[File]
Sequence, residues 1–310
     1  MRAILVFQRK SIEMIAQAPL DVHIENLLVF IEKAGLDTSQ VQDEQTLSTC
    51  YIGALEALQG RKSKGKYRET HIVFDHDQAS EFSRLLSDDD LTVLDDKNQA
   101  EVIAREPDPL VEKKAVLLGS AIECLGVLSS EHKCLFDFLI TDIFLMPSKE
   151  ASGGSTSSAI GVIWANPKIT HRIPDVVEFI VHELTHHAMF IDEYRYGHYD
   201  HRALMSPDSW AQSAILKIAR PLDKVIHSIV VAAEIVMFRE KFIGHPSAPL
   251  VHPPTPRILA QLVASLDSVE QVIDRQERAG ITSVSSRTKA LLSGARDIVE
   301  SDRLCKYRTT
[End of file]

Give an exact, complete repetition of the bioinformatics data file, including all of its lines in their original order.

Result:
Sequence, residues 1–310
     1  MRAILVFQRK SIEMIAQAPL DVHIENLLVF IEKAGLDTSQ VQDEQTLSTC
    51  YIGALEALQG RKSKGKYRET HIVFDHDQAS EFSRLLSDDD LTVLDDKNQA
   101  EVIAREPDPL VEKKAVLLGS AIECLGVLSS EHKCLFDFLI TDIFLMPSKE
   151  ASGGSTSSAI GVIWANPKIT HRIPDVVEFI VHELTHHAMF IDEYRYGHYD
   201  HRALMSPDSW AQSAILKIAR PLDKVIHSIV VAAEIVMFRE KFIGHPSAPL
   251  VHPPTPRILA QLVASLDSVE QVIDRQERAG ITSVSSRTKA LLSGARDIVE
   301  SDRLCKYRTT